When the original series “The Wonder Years” went off the air in 1993, it left its adoring fans with these final words at the end of the series finale:
“Growing up happens in a heartbeat. One day you’re in diapers, the next day, you’re gone. But the memories of childhood stay with you for the long haul. I remember a place, a town, a house like a lot of houses. A yard like a lot of other yards. On a street like a lot of other streets. And the thing is, after all these years, I still look back with wonder.”
Since the original show went to rerun heaven following those words, fans have been wondering if it would ever be rebooted.
And now, nearly 30 years later, it’s finally about to be.
The rebooted series of “The Wonder Years” will premiere on Wednesday, and there will be both similarities and differences to the original series that captivated audiences and won an Emmy for Outstanding Comedy Series in 1988.
The concept will be the same, with a narrator looking back on his childhood growing up in 1968 and highlighting what it was like to be raised in that time period with a blend of comedy and life lessons (rewatch the episode from the original series on Mr. Collins and it’s a good bet you’ll be in tears and have a whole new appreciation for teachers).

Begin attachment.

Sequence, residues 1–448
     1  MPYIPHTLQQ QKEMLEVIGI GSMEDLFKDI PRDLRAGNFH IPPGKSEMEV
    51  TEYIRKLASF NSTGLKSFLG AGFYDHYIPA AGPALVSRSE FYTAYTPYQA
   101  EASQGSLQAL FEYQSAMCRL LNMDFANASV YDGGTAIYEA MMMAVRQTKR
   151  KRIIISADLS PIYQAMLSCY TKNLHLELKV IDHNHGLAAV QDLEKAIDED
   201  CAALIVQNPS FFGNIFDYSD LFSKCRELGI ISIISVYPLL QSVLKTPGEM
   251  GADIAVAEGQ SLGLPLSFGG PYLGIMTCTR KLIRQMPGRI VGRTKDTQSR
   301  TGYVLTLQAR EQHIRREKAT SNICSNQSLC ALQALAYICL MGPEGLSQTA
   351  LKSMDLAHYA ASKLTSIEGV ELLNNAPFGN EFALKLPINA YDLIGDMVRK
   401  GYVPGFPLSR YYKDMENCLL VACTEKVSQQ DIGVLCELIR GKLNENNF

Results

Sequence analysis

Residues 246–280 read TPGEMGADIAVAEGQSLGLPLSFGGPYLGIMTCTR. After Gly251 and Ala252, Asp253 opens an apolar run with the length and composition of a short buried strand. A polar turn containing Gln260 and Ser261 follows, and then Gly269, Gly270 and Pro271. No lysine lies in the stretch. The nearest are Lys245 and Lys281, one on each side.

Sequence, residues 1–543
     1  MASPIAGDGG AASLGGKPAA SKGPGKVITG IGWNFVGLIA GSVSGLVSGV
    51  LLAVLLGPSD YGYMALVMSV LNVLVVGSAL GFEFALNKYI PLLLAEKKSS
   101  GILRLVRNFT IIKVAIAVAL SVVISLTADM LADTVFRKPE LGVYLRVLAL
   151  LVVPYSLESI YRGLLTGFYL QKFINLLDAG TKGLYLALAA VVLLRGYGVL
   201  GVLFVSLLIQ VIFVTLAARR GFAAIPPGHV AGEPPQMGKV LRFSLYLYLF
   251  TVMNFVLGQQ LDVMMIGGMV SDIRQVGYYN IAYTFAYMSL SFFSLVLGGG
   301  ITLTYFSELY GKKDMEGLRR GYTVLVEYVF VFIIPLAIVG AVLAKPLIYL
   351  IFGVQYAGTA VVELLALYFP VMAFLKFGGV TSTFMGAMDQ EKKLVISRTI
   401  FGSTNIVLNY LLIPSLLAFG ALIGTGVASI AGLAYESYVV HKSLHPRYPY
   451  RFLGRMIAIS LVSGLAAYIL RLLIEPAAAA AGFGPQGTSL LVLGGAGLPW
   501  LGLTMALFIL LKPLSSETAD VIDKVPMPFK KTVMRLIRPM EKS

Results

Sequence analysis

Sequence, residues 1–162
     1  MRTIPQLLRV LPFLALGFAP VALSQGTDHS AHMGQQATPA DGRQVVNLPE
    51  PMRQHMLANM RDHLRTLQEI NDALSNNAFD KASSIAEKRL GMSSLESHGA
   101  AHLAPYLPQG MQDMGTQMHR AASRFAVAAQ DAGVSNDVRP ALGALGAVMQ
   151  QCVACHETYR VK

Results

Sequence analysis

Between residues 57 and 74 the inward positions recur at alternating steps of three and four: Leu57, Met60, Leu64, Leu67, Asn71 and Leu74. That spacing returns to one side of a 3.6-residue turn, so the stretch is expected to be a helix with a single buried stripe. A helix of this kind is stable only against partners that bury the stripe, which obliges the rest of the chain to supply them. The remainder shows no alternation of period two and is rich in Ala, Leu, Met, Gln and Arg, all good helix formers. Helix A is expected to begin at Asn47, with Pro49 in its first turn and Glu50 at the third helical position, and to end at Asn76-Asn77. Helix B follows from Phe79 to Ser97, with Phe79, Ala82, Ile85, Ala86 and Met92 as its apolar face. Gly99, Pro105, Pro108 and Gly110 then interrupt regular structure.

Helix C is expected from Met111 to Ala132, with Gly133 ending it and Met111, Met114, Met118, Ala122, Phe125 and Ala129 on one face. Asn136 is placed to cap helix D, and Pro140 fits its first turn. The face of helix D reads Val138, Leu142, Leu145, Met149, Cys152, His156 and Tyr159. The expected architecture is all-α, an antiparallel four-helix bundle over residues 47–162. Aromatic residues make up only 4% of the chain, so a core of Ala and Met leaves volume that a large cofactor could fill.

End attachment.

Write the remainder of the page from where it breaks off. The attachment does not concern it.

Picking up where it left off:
Joe Cocker’s version of “With a Little Help From My Friends” returns as the show’s theme song.
The original series had actor Daniel Stern as the narrator, while this one will have Don Cheadle.
The pilot episode Wednesday was even directed by Fred Savage, the actor who played Kevin Arnold in the original series.
The big difference in the reboot is that the show will focus on a middle-class, working Black family residing in Montgomery, Alabama as the Civil Rights Movement was in full swing.
The star will be Elisha Williams, who will play 12-year-old middle schooler Dean Williams, a tween entering his puberty years.
Dean Williams lives with his father, a college professor, his mother and older sister, and just like Kevin Arnold with Winnie Cooper, 12-year-old Dean has a crush on a girl named Keisa Clemmons.
According to the trailer, Dean Williams hopes to unite with white kids in the community through baseball and a peaceful game on a local diamond.
Time will tell if the show can last the six seasons the original series did, but regardless, the effort to revive the classic series is certainly appreciated by millions of fans.
At long last, it’s time to look back with wonder again.